Reply
  4. Mike C

     /  22nd October 2015

    I’m sure that Barry will be the good husband, and visit Heather in jail 🙂

    Reply
  5. Unitedtribe

     /  22nd October 2015

    I often buy ammunition from Gun City using their online forms. They are very professional and I can’t fault them on safety. I think it would help the system though if they could pre check a licence number to a persons name. That would have sorted out HDA if she was just making up a licence no.

    Reply
    • How do they deliver ammunition?

      Reply
    • Pete Kane

       /  22nd October 2015

      Gun City said, “The form for the gun purchase had, he claimed, been forged, using a fake name against a fake gun licence number that just happened to be a valid number for a licensed New Zealand gun user.”

      l’m guessing they knew they were using a real licence number (ie not a coincidence), which if true, and Story didn’t tell us, is a little ‘naughty’.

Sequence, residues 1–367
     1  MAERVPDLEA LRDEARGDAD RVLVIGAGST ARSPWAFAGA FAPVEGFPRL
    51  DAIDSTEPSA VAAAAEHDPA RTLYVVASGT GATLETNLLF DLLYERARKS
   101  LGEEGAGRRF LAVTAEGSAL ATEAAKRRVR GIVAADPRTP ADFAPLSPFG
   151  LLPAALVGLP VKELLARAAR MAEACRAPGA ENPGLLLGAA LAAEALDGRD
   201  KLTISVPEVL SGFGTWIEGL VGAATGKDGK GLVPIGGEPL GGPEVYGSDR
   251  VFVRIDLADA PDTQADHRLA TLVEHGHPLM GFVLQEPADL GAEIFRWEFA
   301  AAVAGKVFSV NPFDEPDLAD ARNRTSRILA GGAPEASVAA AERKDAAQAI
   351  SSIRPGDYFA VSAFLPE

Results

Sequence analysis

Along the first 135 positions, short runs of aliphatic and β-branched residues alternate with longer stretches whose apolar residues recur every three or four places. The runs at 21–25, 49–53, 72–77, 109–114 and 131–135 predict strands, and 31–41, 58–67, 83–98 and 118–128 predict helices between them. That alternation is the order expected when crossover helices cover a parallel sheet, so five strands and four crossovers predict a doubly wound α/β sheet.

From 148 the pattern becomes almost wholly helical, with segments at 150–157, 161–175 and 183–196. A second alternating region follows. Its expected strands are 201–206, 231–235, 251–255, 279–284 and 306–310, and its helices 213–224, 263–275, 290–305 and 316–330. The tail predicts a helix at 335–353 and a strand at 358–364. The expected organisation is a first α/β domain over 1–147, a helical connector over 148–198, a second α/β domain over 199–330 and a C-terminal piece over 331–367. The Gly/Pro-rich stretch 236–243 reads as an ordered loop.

Reply
    • Mike C

       /  22nd October 2015

      @UnitedTribe

      I have personally known one of the Owners of Gun City for a long time, and he would not knowingly do anything illegal.

      It is good to hear that Gun City are going to be looking at this, and altering the way they process online gun selling.

      Reply
      • Pete Kane

         /  22nd October 2015

        I’m also am not getting at Gun City, they’ve been very good to deal with in my experience. Once they didn’t wait for age id on an air rifle I was purchasing as a present. but they may have worked from assumptions regarding credit cards. I suspect a very profitable business given mark ups from off shore (esp when the dollar was high).